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10 Video Games That were Unplayable Trash When Released –

 

Sometimes, a product is released to the general public in a genuinely defective state. In most cases, this is done by mistake, the faulty product is immediately recalled and consumers get offered refunds appropriate to their purchase.

In the world of gaming, developers are nearly always pushed for time, pressured into knowingly releasing their broken, buggy or downright unplayable games to an unsuspecting audience of unassuming players.

There’s absolutely no excuse for this behaviour, but it is slowly becoming an accepted reality of the medium. Over the past several years, dozens of games have been shipped despite being desperately defective, the assumption being that the developers will eventually patch the broken products into an acceptable condition, once they’ve made their money back. Until then, players are expected to tolerate faulty goods, a mentality which can only be understood in the following terms: you’ll get what you’re given.

 

 

10. Sonic Boom

Released in 2014, Sonic Boom: Rise of Lyric was both a critical and commercial failure, largely because it was a repetitive, nauseating experience with zero personality, but also because it was released in an unserviceable condition. In the game, players experienced constant drops in framerate, and would glitch around the environment uncontrollably, making the insufferable combat that much more intolerable.

Worse still, the game was easily exploitable. In fact, one player managed to beat the entire game simply by jumping on the spot repeatedly, pausing and unpausing the game in order to gain greater height, eventually escaping the confines of his surroundings. As a result, massive portions of the game could be easily avoided, leading players into game-breaking bugs, or forcing them off the side of the map into a bottomless oblivion.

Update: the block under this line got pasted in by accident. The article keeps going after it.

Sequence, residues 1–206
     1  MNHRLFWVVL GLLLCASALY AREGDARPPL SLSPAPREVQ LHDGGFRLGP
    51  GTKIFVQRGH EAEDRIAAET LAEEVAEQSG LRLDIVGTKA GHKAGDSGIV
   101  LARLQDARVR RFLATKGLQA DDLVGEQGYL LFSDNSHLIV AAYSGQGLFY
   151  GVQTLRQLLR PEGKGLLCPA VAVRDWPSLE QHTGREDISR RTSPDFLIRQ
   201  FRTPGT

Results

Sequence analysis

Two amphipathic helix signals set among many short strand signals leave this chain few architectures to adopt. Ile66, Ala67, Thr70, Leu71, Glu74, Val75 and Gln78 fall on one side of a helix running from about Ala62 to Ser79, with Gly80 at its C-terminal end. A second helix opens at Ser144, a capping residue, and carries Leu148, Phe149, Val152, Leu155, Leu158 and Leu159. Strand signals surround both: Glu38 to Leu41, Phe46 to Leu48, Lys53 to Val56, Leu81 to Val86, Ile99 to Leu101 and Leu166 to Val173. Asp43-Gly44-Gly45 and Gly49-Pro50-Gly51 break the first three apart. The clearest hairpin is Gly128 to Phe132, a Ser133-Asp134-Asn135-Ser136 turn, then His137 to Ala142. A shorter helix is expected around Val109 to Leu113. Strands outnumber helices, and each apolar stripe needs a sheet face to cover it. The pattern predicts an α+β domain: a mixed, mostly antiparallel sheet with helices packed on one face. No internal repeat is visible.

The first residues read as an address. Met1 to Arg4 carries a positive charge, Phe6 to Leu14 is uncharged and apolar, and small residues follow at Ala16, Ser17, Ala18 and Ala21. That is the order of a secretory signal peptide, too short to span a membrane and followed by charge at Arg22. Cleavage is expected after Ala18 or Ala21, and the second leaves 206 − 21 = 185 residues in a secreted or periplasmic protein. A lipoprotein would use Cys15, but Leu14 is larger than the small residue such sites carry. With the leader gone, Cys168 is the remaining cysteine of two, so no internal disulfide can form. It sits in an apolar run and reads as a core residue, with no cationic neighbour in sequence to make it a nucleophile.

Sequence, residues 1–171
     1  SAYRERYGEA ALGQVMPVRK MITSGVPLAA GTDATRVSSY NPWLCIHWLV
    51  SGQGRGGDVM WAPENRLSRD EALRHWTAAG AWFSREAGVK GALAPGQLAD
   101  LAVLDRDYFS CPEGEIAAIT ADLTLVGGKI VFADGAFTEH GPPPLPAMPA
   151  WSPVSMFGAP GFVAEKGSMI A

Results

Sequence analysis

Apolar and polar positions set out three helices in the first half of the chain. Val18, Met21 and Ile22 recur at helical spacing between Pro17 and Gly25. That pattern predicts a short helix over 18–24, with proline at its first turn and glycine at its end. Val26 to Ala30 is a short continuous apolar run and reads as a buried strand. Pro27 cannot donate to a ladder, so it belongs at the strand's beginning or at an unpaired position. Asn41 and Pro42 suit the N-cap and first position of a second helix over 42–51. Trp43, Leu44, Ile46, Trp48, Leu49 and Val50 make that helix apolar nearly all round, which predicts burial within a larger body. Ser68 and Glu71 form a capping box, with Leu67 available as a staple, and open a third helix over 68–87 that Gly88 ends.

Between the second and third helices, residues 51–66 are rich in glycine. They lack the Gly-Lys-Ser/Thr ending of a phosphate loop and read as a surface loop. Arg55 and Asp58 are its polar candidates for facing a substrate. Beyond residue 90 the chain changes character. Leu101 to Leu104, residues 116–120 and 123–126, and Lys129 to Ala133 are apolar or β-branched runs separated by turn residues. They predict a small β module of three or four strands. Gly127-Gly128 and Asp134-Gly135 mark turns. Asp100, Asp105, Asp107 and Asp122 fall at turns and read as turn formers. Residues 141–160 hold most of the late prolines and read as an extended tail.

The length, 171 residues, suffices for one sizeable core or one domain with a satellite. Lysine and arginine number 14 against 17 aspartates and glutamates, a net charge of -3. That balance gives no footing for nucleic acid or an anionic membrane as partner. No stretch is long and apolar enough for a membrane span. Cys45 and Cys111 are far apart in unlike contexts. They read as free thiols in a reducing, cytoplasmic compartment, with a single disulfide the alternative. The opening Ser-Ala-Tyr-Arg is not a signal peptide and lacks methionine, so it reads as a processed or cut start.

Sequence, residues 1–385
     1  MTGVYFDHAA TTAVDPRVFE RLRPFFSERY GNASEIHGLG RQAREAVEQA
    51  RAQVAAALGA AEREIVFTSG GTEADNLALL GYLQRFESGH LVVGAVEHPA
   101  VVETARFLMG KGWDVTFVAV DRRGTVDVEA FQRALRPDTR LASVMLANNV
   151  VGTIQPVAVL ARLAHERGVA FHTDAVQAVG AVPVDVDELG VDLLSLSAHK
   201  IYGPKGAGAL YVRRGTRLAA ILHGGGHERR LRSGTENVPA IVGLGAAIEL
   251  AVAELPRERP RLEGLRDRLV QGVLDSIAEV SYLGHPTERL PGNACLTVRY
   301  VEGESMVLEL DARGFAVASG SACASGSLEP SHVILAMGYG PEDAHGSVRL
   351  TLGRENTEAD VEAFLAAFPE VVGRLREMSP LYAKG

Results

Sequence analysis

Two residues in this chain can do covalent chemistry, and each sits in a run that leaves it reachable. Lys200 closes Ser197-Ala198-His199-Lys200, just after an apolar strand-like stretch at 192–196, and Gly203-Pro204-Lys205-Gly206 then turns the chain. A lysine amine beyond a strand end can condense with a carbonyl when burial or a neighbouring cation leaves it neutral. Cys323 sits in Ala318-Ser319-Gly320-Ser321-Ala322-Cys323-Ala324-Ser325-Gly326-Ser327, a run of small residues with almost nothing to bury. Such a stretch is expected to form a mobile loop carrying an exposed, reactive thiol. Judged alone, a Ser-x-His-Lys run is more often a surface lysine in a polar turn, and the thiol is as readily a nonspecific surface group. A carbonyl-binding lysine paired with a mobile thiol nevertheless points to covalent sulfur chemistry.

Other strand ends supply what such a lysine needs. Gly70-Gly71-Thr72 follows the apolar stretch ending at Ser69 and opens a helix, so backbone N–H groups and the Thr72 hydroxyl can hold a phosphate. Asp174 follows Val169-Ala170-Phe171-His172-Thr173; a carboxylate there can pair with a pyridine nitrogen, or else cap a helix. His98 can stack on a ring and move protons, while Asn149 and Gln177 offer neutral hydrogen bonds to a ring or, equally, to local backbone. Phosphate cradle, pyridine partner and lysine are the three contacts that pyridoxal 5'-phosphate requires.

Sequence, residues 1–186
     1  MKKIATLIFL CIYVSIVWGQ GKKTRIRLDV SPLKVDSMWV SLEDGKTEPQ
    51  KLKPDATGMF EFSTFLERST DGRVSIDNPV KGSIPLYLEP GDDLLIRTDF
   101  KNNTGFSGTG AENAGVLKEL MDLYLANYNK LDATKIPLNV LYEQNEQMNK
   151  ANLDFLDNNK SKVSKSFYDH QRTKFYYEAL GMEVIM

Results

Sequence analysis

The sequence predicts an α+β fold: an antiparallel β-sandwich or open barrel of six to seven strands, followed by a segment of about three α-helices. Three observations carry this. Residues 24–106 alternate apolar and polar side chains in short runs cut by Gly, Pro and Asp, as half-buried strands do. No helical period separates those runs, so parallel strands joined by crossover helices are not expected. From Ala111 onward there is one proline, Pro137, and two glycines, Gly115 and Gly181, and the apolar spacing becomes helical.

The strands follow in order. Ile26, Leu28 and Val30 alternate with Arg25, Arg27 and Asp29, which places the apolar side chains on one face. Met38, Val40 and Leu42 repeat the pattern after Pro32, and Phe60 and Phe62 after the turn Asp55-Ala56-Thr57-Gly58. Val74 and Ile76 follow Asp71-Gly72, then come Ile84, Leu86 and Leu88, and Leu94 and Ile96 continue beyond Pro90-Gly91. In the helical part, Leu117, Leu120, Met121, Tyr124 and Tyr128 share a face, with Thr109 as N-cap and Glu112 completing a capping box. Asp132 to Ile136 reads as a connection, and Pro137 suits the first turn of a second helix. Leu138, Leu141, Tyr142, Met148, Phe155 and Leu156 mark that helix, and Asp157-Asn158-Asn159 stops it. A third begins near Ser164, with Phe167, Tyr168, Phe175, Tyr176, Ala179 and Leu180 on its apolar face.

It short order, the game was panned almost universally, considered by some to be the worst entry in the entire franchise, even rivalling the infamous Sonic the Hedgehog from 2006. In fairness, Sonic Boom isn’t unplayable – the combat is repetitive for instance, but functional – the trouble is that the broken design accentuates the faults inherent in the game, making the entire experience that much more unbearable.

9. Fallout: New Vegas

An undeniable classic, unfortunately hindered upon release by being virtually unplayable, Fallout: New Vegas was the much anticipated successor to Fallout 3. Developed by Obsidian – the team behind the original Fallout and Fallout 2 – New Vegas was praised for its narrative, but universally panned for the numerous flaws inherent in its design.

In reality, the game was absolutely riddled with bugs and glitches, somewhat undermining the quality of the experience, and completely destroying any semblance of immersion. Enemies would disappear, only to reappear moments later behind the player; characters would shudder and rotate in the middle of conversations, before vanishing entirely; objects in the environment would levitate above the ground; important quest items would constantly go missing, and nothing about the game seemed reliable, or even remotely stable.

As a result, it was difficult to really enjoy the game without constantly worrying about what might go wrong. I mean, how can a player be expected to invest in a story that won’t behave, or engage with a game that won’t play by its own rules? The problems were eventually fixed, and the game salvaged, but that doesn’t change the fact that the game was essentially shipped in a broken, unplayable state, knowingly.

8. Elder Scrolls V: Skyrim

Bethesda Softworks have been cultivating quite the reputation over the years for their slapdash, unrefined approach to game development. In 2011, the company released Skyrim – the long awaited fifth instalment in The Elder Scrolls franchise – a masterpiece universally praised by critics for its scope and design, yet criticised for its unpolished condition, seemingly unfinished despite almost a decade of painstaking work.